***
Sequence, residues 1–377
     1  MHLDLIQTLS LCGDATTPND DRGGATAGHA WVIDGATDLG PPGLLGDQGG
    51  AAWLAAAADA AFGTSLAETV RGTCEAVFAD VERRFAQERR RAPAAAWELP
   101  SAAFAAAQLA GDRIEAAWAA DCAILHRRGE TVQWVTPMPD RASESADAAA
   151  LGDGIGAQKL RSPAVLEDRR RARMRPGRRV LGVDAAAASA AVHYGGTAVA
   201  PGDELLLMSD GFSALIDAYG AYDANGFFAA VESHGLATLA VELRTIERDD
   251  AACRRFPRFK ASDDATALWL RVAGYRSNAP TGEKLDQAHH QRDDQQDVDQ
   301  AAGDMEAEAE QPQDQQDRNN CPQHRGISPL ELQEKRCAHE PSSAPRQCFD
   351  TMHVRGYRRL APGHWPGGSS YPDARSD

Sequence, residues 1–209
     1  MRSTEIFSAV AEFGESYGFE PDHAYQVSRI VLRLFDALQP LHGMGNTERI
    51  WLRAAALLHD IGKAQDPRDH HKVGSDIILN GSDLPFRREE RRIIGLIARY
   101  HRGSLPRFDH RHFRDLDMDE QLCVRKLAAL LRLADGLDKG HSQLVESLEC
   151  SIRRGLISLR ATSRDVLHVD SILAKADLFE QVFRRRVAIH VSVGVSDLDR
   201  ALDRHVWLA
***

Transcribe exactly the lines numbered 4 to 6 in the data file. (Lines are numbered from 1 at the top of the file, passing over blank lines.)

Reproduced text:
   101  SAAFAAAQLA GDRIEAAWAA DCAILHRRGE TVQWVTPMPD RASESADAAA
   151  LGDGIGAQKL RSPAVLEDRR RARMRPGRRV LGVDAAAASA AVHYGGTAVA
   201  PGDELLLMSD GFSALIDAYG AYDANGFFAA VESHGLATLA VELRTIERDD